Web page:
Ydessa Hendeles’s Holocaust Memorial

Brigitte van der Sande

September 30, 2004review,

In last year’s exhibition ‘Partners’ at the Haus der Kunst in Munich the Canadian curator and collector Ydessa Hendeles broke the tacit laws of Holocaust memorials. Grouping objects of different natures and placing them in a single context, created all manner of fascinating cross-connections among the objects and with the building, laden by the Nazi past.

Ydessa Hendeles, Partners (The Teddy Bear Project), 2002. Installation at the Haus der Kunst, Munich. – Photo Robert Keziere
Floor plan of the exhibition ‘Partners’ at the Haus der Kunst in Munich.

The response of an object to contact sufficient to lead to a change in inherent quality (vis inertiae).
La réaction d’un objet au contact suffisant à entrainer un changement de qualité inhérente (vis inertiae).

What do international contemporary art, popular and historical icons, press photographs, family snapshots, teddy bears and other antique toys have in common? They are collected and presented in continually new configurations in exhibitions by Ydessa Hendeles. Last November the exhibition ‘Partners’2 ­opened with a selection from the collection at the Haus der Kunst in Munich, which has recently come under Chris Dercon’s ­directorship.

Hendeles, an internationally renowned Canadian collector and curator, was born in 1948 in Marburg, the only child of two Jewish concentration-camp survivors. In 1950 the family moved to Toronto, where Hendeles ran a gallery from 1980 to 1989 and ­introduced artists like Jeff Wall, Jana Sterbak and Ken Lum. In 1988 she opened her Ydessa Hendeles Art Foundation with the installation Canada by Christian Boltanski: 6000 second-hand pieces of clothing, covering the walls of the room in the former ­uniform factory.

Amid the modest hype in war exhibitions in the last two years, ‘Partners’ is a breath of fresh air. In contrast to, for instance, ‘No one ever dies there, no one has a head’ in Dortmund in 2002 and ‘Mars. Kunst und Krieg’ in Graz in 2003, ‘Partners’ is not literally about war or its representation in the media and the arts, but rather alludes to it in an indirect and subtle way. Hendeles violates the moral laws that have applied since Auschwitz on the representation of the Holocaust: she does not limit herself to collecting, organizing and testifying; she presents all the parts within a narrative structure, with its own, namely Hendeles’s own, logic.3

The location itself has a startling his­tory, when you realize that the name Haus der Kunst (‘House of Art’) included the adjective ‘Deutschen’ (‘German’) until 1949. The museum, built at Hitler’s orders, opened on 18 July 1937 with the Nazi-sanctioned ‘Grosse Deutsche Kunstausstellung’ (‘Great German Art Exhibition’), one day before the opening of the ‘Entartete Kunst’ (‘Degenerate Art’) exhibition elsewhere in the city. An ideal location for Hendeles, who had a number of later additions to the architecture ­removed for the exhibition, so that the building was once more visible in its laden but ­original form.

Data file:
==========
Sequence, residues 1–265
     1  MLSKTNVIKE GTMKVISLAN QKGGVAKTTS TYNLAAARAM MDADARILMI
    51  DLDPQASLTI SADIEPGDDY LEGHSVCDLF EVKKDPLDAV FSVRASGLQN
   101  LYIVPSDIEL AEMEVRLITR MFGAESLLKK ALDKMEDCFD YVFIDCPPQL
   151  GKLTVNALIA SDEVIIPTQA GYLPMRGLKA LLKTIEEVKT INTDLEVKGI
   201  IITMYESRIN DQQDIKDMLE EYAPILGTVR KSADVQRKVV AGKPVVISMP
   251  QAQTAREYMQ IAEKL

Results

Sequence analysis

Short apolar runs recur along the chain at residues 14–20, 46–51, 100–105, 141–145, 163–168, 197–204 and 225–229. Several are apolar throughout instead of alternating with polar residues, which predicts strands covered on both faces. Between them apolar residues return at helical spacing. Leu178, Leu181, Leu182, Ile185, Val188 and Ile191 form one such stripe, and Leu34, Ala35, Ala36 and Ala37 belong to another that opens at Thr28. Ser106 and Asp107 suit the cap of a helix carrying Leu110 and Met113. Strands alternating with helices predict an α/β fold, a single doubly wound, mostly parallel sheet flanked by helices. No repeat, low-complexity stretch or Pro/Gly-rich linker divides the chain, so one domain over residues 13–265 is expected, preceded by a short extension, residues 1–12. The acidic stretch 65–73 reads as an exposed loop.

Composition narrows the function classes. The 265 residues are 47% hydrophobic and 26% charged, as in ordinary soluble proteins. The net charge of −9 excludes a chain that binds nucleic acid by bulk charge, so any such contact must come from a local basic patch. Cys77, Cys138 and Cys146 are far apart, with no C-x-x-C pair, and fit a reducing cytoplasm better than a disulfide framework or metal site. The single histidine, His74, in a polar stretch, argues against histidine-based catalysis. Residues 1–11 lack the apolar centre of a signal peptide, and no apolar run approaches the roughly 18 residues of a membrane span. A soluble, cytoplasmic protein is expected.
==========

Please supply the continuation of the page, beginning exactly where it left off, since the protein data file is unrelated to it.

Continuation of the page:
The exhibition is divided into three passages, which compel the visitor to walk past the works in a specific order and sometimes to turn back. A small self-portrait of the Jewish-American photographer Diane Arbus from February 1945 opens the show, flanked by a unique studio portrait of the famous Wild Bunch gang, including Butch Cassidy and the Sundance Kid. The third opening object is an antique toy, Minnie Mouse Carrying Felix in Cages, circa 1926–1936. From there Hendeles leads the visitor to her own project, Partners (The Teddy Bear Project), a collection of 3,000 photographs of all imaginable and unimaginable scenes of people with teddy bears: pin-ups, soldiers, children in sailor suits, sports figures, film stars, families.4 All sorted according to the classical art-history method of teddy-bear iconography. Absurd and hilarious, were it not for two dissonant notes: a cuddly sleeping dog by Maurizio Cattelan, which turns out to be stuffed, and several stories of Jewish children whose teddy bears were taken away when they were deported. After the suddenly oppressive quantity of cheerful pictures of teddy bears, the visitor enters an empty room, in which a little boy, seen from behind, kneels in front of a bare wall, also a work by Maurizio Cattelan. It’s a great shock to find that the little boy’s face is that of Hitler. The first passage ends here; the visitor must turn back and look at all he has just seen with new eyes.